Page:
TMA officials are optimistic about proposals to reform Medicare's physician payment system this year, a top goal for the association's federal legislative agenda.
TMA physicians met with congressional leaders as part of the American Medical Association's National Advocacy Conference in February to advocate for an alternative to Medicare's Sustainable Growth Rate (SGR) formula, which doctors say does not keep up with the cost of care and deters them from caring for senior patients.
Republican leadership of the House Ways and Means Committee and the Energy and Commerce Committee jointly unveiled plans for a three-phase bill that would eliminate the SGR and move toward a system that pays doctors based on physician-endorsed quality measures, and later on efficiency.
Also in February, Rep. Allyson Schwartz (D-Pa.) and Rep. Joe Heck, DO (R-Nev.), reintroduced the Medicare Physician Payment Innovation Act (HR 574) to repeal the SGR formula and test new payment models that promote quality and reduce costs.
Both plans reflect core principles that medicine, including TMA, advocated to Congress for transitioning from the SGR to a new, high-performing Medicare system.
House Energy and Commerce Committee Chair Rep. Fred Upton (R-Mich.) said he hopes to have a bill on the floor this summer. His committee held its first hearing on the SGR in February, which TMA officials say is a good sign of long-overdue progress on the issue.
The plan also has support from a key lawmaker in Texas, U.S. Rep. Kevin Brady (R-The Woodlands), Health Subcommittee chair of the House Ways and Means Committee.
The SGR proposals came not long after the Congressional Budget Office (CBO) revised its estimate for the 10-year cost to repeal the SGR formula down from $243 billion in 2012 to $138 billion in 2013. Representative Upton suggested the lower cost could make it easier to pass legislation on the issue this year.
Texas physicians also pressed lawmakers for repeal of the Independent Payment Advisory Board (IPAB) set up under the Patient Protection and Affordable Care Act (PPACA), another key goal on TMA's agenda.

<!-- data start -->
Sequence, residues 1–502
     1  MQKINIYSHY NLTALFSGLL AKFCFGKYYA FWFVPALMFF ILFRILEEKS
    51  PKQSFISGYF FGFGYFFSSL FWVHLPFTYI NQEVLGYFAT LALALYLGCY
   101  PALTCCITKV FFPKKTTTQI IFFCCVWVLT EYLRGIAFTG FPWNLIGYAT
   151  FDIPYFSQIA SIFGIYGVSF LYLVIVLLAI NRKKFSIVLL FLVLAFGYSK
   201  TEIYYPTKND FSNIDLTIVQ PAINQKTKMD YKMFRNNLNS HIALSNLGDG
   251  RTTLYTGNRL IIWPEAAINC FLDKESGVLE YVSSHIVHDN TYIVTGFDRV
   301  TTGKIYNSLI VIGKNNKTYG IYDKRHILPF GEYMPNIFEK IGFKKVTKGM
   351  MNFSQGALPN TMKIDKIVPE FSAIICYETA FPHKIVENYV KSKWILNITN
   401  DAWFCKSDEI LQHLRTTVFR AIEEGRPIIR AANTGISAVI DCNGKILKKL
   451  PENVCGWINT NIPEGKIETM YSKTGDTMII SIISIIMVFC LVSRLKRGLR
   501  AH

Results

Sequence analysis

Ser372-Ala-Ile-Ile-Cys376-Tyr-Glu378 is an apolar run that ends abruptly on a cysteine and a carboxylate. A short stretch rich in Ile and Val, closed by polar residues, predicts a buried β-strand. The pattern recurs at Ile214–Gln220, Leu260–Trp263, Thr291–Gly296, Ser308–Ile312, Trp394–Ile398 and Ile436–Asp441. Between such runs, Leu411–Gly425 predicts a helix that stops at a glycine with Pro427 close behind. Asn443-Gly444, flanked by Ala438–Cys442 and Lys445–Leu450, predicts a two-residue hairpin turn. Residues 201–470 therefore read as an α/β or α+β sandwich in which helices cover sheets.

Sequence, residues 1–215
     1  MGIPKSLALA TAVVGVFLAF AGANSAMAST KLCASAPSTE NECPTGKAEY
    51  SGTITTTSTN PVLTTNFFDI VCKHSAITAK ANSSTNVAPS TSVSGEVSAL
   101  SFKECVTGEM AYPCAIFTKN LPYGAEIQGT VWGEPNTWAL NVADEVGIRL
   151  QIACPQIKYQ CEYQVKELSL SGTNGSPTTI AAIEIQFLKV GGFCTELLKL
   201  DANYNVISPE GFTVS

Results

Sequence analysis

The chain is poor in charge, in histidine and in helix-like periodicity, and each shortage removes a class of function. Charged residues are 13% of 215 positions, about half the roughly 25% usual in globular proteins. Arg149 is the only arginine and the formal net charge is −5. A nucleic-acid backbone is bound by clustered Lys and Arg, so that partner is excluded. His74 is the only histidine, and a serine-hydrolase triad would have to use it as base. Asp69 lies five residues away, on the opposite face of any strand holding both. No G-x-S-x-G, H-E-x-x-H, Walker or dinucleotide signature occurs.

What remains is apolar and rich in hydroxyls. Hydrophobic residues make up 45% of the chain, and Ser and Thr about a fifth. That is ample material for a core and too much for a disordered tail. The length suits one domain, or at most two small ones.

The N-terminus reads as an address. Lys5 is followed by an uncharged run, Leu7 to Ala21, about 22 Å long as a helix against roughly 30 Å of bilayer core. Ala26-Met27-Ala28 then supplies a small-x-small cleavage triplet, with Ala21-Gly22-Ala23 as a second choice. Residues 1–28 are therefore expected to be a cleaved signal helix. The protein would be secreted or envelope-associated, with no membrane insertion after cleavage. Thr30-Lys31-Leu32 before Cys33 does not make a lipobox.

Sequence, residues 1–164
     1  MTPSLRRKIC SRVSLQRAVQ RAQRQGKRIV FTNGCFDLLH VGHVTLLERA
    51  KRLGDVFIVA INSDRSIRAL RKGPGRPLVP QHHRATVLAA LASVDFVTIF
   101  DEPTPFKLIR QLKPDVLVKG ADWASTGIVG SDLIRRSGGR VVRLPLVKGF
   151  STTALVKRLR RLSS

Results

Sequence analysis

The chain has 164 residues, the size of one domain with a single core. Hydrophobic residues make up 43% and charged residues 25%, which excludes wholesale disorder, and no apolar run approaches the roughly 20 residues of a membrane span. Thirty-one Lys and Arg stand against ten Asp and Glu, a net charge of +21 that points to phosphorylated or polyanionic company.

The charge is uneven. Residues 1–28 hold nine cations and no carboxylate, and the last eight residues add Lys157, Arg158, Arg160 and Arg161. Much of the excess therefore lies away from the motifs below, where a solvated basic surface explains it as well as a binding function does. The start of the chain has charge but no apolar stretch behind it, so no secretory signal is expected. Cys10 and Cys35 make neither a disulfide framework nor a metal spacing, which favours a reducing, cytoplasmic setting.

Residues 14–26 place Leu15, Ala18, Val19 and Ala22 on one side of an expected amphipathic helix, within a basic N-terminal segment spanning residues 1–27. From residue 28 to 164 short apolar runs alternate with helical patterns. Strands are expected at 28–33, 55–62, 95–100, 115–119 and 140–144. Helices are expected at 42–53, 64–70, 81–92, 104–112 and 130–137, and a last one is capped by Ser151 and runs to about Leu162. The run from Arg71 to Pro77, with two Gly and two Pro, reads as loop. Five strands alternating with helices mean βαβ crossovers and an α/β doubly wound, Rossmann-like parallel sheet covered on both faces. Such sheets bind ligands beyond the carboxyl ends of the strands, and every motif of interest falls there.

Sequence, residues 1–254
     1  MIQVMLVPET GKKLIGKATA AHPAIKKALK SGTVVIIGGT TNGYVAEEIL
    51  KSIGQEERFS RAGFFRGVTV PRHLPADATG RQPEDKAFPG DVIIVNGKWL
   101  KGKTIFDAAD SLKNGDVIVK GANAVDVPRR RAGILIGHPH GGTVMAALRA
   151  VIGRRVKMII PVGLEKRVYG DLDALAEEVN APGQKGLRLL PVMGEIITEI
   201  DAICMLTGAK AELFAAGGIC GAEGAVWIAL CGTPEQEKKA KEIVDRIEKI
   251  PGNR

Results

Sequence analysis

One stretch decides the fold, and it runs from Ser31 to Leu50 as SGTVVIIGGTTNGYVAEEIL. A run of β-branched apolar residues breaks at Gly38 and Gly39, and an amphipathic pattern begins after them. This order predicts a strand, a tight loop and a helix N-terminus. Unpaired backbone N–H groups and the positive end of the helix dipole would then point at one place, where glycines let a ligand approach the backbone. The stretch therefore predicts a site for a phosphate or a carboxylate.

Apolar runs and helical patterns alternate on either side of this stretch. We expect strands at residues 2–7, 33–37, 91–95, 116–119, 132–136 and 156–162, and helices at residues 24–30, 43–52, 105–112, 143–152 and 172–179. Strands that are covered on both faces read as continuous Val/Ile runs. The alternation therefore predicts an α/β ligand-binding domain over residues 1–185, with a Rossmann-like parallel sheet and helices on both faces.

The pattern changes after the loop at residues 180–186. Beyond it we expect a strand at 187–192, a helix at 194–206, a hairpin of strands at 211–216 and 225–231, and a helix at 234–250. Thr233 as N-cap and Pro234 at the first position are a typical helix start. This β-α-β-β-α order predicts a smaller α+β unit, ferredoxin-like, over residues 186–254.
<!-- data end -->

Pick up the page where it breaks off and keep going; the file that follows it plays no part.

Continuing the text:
Doctors say the board's ability to arbitrarily cut Medicare costs – which, because of restrictions on limiting benefits, are likely to hit physician payments – could be a double blow to access to care for Medicare patients on top of existing payment cuts. Physicians also worry the 15-member panel of health care experts takes decisions out of the hands of doctors and patients.
Medicine supports legislation introduced in the Senate and House to repeal the IPAB: S 351 by Sen. John Cornyn (R-Texas) and HR 351 by Rep. Phil Roe (R-Tenn.).
"The PPACA prohibits the [IPAB] from recommending changes to Medicare eligibility or coverage, or other factors that drive utilization of health care services. This means the board will have only one option – cut payments," TMA President Michael E. Speer, MD, said in a letter thanking Senator Cornyn for introducing the legislation. "And through 2019, hospitals, Medicare Advantage plans, Medicare prescription drug plans, and health care professionals other than physicians are exempt. That leaves the board only one option – cut Medicare payments to physicians. Cuts the board recommends will take effect automatically unless Congress acts to suspend them.”
Similar measures passed the House in 2012, but did not get through the Senate.
Action, March 1, 2013